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Year : 2020  |  Volume : 18  |  Issue : 1  |  Page : 5-9

Baseline anthropometric measurements and obesity of people working in Isale-Oko, Sagamu, Ogun State, Southwest, Nigeria

1 Department of Physiology, OACHS, Olabisi Onabanjo University, Ago-0Iwoye, Ogun State, Nigeria
2 Department of Physiology, College of Medicine, Idi-Araba, Lagos, Nigeria

Correspondence Address:
Dr. Emmanuel O Taiwo
Department of Physiology, OACHS, Olabisi Onabanjo University, Ago-Iwoye, Ogun State
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Source of Support: None, Conflict of Interest: None

DOI: 10.4103/NJGP.NJGP_9_19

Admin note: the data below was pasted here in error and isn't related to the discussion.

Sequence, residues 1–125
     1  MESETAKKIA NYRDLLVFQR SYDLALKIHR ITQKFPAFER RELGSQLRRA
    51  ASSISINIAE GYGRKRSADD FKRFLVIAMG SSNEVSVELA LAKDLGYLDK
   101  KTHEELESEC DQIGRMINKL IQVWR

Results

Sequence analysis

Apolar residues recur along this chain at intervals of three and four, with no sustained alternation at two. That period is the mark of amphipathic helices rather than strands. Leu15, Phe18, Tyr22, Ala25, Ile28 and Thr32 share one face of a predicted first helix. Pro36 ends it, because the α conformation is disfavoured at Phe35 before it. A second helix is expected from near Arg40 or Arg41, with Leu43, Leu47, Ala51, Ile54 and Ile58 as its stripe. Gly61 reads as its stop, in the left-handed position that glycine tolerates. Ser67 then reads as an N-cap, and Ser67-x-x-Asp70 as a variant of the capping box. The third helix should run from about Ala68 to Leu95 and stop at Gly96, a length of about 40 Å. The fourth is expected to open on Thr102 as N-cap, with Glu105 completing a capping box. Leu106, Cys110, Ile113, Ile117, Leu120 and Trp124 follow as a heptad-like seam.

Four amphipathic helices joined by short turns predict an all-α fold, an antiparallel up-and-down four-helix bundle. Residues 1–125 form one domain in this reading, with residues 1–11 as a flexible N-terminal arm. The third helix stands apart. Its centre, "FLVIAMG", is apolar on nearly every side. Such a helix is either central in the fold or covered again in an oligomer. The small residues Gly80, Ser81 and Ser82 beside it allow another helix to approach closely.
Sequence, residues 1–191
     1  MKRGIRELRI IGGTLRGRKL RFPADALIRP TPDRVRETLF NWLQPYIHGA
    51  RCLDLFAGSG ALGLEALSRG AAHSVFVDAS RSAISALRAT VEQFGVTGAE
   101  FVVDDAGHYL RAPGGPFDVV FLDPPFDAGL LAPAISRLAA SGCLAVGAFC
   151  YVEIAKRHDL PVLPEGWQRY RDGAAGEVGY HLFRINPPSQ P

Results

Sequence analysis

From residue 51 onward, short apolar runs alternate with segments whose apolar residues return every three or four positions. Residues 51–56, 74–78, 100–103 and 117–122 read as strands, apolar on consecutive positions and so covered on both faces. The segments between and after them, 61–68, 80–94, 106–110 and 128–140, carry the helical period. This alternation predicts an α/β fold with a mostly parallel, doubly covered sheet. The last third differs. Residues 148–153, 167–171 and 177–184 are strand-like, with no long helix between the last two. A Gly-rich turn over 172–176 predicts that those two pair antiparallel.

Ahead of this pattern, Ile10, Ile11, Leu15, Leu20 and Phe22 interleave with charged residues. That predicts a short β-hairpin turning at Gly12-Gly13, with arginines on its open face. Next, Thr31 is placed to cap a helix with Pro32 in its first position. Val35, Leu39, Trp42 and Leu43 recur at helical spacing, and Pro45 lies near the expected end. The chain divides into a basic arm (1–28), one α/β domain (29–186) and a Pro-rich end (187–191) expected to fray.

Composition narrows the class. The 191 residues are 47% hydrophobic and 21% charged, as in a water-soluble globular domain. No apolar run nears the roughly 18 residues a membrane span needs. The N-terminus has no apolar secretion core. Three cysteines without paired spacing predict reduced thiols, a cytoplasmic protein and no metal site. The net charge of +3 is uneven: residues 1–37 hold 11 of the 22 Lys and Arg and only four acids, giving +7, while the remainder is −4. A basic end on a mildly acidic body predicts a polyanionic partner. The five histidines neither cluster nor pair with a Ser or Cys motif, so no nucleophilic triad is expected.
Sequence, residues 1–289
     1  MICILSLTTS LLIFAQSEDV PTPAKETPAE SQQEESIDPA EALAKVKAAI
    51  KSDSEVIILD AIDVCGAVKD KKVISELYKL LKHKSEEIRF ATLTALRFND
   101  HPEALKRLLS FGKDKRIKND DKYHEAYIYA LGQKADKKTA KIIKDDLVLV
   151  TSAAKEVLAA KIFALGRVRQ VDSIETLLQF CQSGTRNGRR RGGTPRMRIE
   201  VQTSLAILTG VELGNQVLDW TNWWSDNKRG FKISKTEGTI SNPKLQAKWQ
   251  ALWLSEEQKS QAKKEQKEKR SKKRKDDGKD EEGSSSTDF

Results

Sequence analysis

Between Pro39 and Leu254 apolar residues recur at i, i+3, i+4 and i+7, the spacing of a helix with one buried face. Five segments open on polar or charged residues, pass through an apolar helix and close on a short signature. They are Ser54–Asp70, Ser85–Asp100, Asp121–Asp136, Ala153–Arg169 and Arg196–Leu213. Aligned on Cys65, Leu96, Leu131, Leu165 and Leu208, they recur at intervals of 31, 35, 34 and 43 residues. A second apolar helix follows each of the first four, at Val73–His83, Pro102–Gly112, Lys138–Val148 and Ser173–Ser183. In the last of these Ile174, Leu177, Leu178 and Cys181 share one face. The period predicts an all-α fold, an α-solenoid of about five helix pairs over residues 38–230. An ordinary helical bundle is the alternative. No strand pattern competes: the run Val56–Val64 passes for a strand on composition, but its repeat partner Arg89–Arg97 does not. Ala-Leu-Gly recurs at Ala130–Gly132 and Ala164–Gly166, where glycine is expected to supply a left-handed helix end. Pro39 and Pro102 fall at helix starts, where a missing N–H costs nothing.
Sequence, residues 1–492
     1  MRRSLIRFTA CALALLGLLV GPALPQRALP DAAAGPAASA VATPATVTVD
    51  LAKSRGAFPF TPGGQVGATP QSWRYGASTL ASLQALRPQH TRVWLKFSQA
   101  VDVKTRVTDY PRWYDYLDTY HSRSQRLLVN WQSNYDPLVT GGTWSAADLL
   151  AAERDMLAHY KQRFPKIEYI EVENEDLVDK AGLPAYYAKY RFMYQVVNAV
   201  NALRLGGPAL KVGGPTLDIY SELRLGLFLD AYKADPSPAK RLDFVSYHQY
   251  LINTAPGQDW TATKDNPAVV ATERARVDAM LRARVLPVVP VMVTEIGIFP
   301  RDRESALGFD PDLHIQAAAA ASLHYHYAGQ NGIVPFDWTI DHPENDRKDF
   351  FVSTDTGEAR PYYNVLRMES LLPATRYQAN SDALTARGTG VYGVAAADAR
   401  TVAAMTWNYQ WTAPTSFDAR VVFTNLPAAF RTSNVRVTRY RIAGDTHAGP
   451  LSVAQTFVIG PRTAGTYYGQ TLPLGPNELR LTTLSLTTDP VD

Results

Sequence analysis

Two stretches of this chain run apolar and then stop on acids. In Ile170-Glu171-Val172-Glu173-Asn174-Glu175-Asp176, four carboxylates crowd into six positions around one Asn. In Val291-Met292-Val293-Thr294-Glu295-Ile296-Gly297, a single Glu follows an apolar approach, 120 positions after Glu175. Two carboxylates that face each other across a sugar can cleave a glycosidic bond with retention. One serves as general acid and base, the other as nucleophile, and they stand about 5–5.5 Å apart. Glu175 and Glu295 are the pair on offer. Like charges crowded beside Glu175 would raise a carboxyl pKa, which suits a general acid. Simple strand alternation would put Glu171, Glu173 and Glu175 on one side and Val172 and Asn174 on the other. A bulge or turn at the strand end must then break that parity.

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Objectives: It is uncertain anthropometric measurements are affected by the type of job an individual is doing in an environment. Therefore, this study was designed to assess the baseline anthropometric measurements with relation to obesity of people working at a motor park in Sagamu. Design: This is a cross-sectional study of 139 individuals working in the motor park of Isale-Oko, Sagamu, aged 20–70 years. Passengers were exempted. The weight in kg and height in meters of each participant were measured. The waist circumference (cm) (WC), hip circumference (cm) (HC), and thigh circumference (cm) of each participant were measured using a flexible tape. The waist-to-hip ratio (WHR) was calculated. The body mass indexes (BMI) (kg/m2) and the waist-to-thigh ratio were calculated. Data were analyzed using descriptive statistic and ANOVA. Results: The occupational distributions include the drivers, conductors, traders, and garage staff. Young participants contribute to 60.4% of the study populations. There were 64.3% young participants among the conductors, 63.2% of the drivers, 64.8% of the traders, and 40% of the garage staff. The mean BMI of the drivers showed that they tend to be obese (30.85 ± 0.66 kg/m2). Conductors tend to be overweight with BMI of 26.57 ± 0.60 kg/m2. The WC of drivers was significantly highest among the occupational groups 98.82 ± 1.75 cm, while the conductors had the least WC 94.38 ± 2.87 cm. The traders had the highest HC 106.31 ± 1.88 cm. The drivers and conductors had the highest WHR of 0.96 ± 0.03 and 0.92 ± 0.01, respectively. Conclusions: The anthropometric parameter measurements of individual participants obtained from this study can be used as baseline for the future study. The high BMI and WC in drivers and high HC in traders increase the risk of developing diabetes mellitus.

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